“Old clock. No longer works.”

Recently, someone sent me a postcard with the image of a gorgeous, ornate, antique clock. I love clocks. The caption didn’t include its location. It simply said, “Old clock. No longer works.”

I bet that was written by a young person.

Our society places entirely too much value on functionality these days. Some things, like beautiful old clocks, are still worthy of existence even if they are no longer serving their original purpose. They can still be lovely to behold, they can still teach us about the past, they can remind us of more elegant times.

For example, I miss the cars that were manufactured long before we knew about aerodynamics, before all vehicles started to look generic. I love tail fins. I love running boards. I love hood ornaments. I’m glad these cars still exist, if only in museums. I’ll never forget the last tail fins I saw, as they crested a hill and relegated themselves to the past. Your average Toyota Camry just doesn’t evoke the same emotions in me.

This is true of human beings as well. We tend to warehouse and overlook our elderly. On some level, I know I’ll be devalued by this country if and when I have the opportunity to retire. I’ll no longer be contributing to the gross national product. I’ll have drastically reduced my consumption. I won’t be toting that barge and lifting that bale. I will have no understanding of current pop culture. (Well, that’s pretty much true already, but you get the idea.)

But I love talking to people with life experience. I enjoy hearing what certain periods in history were like from the point of view of someone who has actually been there. I love to hear stories. It’s fun to take a deep dive into the memories of other people. You never know where they will take you.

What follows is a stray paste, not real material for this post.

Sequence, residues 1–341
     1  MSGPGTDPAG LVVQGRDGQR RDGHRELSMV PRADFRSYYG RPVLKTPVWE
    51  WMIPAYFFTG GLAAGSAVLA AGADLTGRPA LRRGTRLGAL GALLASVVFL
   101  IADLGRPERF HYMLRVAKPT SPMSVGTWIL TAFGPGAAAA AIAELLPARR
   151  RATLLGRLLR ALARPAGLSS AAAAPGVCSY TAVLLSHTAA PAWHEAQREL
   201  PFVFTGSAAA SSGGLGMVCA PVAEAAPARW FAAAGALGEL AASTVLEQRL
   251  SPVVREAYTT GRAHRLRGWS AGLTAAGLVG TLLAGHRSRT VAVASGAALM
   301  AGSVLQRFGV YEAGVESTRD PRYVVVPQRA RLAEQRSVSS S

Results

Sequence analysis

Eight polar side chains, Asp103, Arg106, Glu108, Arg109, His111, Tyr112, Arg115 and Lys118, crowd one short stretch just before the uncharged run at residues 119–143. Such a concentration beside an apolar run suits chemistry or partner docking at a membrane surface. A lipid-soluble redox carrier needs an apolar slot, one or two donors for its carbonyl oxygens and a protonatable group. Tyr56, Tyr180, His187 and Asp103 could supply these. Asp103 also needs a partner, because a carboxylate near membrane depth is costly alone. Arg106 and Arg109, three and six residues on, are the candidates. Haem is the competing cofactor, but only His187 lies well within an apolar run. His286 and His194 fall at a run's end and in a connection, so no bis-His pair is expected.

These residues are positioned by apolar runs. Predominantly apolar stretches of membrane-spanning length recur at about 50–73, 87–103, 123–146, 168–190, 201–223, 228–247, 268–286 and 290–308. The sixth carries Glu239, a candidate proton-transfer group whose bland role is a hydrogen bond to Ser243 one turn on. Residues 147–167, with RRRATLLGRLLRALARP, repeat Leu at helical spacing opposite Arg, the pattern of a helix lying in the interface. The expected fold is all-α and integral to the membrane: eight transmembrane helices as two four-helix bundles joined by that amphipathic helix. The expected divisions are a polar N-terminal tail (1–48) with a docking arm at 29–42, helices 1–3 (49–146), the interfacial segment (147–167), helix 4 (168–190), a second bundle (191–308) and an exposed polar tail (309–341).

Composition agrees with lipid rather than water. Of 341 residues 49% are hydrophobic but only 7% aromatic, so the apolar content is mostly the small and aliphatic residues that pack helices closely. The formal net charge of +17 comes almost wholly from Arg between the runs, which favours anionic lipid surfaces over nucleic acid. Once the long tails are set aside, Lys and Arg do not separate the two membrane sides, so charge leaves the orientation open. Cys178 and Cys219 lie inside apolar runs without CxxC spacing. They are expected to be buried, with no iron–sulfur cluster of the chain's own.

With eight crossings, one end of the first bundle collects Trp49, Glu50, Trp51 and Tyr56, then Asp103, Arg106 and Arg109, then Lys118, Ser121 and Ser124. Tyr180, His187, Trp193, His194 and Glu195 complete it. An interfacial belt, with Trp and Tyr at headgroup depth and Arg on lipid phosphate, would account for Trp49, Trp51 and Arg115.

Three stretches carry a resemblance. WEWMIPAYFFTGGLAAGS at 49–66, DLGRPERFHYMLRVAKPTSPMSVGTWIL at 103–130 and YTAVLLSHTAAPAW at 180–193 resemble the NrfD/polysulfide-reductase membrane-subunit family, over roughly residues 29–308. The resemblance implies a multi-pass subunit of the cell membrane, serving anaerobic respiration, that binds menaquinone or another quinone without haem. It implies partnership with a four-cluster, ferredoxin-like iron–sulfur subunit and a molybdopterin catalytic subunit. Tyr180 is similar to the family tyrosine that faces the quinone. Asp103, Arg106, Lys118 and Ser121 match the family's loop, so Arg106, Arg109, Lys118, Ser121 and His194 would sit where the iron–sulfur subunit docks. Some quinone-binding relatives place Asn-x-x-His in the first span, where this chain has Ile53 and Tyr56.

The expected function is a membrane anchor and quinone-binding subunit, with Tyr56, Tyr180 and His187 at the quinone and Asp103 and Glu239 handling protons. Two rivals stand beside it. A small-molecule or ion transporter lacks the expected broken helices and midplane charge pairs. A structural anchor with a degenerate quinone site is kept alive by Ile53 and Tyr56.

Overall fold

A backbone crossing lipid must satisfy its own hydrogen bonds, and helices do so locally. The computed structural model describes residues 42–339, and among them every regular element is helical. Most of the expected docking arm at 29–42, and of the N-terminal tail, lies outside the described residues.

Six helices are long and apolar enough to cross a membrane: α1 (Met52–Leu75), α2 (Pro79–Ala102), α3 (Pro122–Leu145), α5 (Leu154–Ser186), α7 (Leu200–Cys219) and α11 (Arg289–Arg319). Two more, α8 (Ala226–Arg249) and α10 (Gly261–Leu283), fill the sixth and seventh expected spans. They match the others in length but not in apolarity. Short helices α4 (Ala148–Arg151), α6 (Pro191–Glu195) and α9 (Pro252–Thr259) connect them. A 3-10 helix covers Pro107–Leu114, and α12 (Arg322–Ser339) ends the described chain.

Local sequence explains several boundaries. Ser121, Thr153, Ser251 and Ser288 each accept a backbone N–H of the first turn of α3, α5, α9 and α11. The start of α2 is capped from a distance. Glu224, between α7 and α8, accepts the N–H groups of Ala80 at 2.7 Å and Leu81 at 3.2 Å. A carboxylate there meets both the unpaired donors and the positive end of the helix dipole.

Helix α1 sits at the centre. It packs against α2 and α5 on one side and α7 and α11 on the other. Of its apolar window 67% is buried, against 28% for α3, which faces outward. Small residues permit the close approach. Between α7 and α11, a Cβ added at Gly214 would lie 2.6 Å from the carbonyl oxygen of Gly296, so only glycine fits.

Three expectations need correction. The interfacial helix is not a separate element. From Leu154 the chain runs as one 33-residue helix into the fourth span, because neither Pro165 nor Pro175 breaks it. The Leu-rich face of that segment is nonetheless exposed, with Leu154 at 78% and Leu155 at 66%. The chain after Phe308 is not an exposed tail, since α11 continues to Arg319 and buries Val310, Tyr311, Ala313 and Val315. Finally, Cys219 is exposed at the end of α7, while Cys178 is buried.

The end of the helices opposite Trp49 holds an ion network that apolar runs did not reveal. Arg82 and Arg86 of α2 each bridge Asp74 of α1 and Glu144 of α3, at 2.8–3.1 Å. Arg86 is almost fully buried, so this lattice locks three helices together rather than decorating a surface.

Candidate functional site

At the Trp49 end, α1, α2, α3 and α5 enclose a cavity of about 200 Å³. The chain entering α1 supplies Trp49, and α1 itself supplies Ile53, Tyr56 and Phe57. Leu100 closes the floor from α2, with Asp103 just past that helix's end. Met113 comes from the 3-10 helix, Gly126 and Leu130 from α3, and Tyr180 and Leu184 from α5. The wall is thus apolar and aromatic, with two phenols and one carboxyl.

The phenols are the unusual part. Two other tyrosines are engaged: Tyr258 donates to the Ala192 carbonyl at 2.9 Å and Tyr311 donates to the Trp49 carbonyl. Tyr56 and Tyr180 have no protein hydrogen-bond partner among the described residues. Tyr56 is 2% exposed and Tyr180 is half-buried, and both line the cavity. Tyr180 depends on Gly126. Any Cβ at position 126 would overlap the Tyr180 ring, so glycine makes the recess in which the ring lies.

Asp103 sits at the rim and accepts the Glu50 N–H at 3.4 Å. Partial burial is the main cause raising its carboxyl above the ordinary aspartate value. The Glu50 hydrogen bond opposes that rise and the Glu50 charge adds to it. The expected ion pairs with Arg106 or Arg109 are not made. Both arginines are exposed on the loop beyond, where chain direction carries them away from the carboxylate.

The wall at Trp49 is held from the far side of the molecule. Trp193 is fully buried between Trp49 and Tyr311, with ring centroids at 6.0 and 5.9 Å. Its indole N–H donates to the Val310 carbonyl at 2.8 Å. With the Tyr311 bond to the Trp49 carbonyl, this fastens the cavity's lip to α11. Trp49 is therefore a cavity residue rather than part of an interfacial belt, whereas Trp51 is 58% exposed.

I’m not suggesting that you should become a hoarder and keep every paperclip you’ve ever owned. But try to see things (and people) for what they are in the here and now. Then, ask yourself if they still bring beauty into the world, in whatever form that beauty may take. Ask yourself if they still have something to teach.

I’ll take something that is unique over something that is functional any day.

Incidentally, the clock shown below is not the clock that sent me down this rabbit hole. Much to my chagrin I can’t find where I put that image. No, this one is the Prague Astronomical Clock, and according to Wikipedia, “The clock was first installed in 1410, making it the third-oldest astronomical clock in the world and the oldest clock still in operation.”

So again with the functionality! Even if this delightful clock ceases to function, I’d still think it was amazing.

I don’t plan to have a headstone, but if I did, I think “Old clock. No longer works.” would be a great engraving, if only to make people laugh and think.

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Author: The View from a Drawbridge

I have been a bridgetender since 2001, and gives me plenty of time to think and observe the world.

2 thoughts on ““Old clock. No longer works.””

  1. Neglected, forgotten and abandoned, but, the essence that remains, inspires and intrigues. I’ve always been drawn to such things (and people) because they hold the whisperings of stories and secrets that transcend the passage of time. They haven’t ceased to function. They’ve merely taken on a new function. Those who let their gaze linger long enough, hear those whisperings and are enlightened. I know what it is to be abandoned and forgotten, as I lose my original purpose, but I’m finding my new function is more fulfilling and I’ve grown a comfortable patina, rather than rust. When your current functionality ceases, you’re going to have a patina many layers deep because of the life you’ve lived. Oh! The whispers you will entice listeners with. You could never be an old clock that no longer works.

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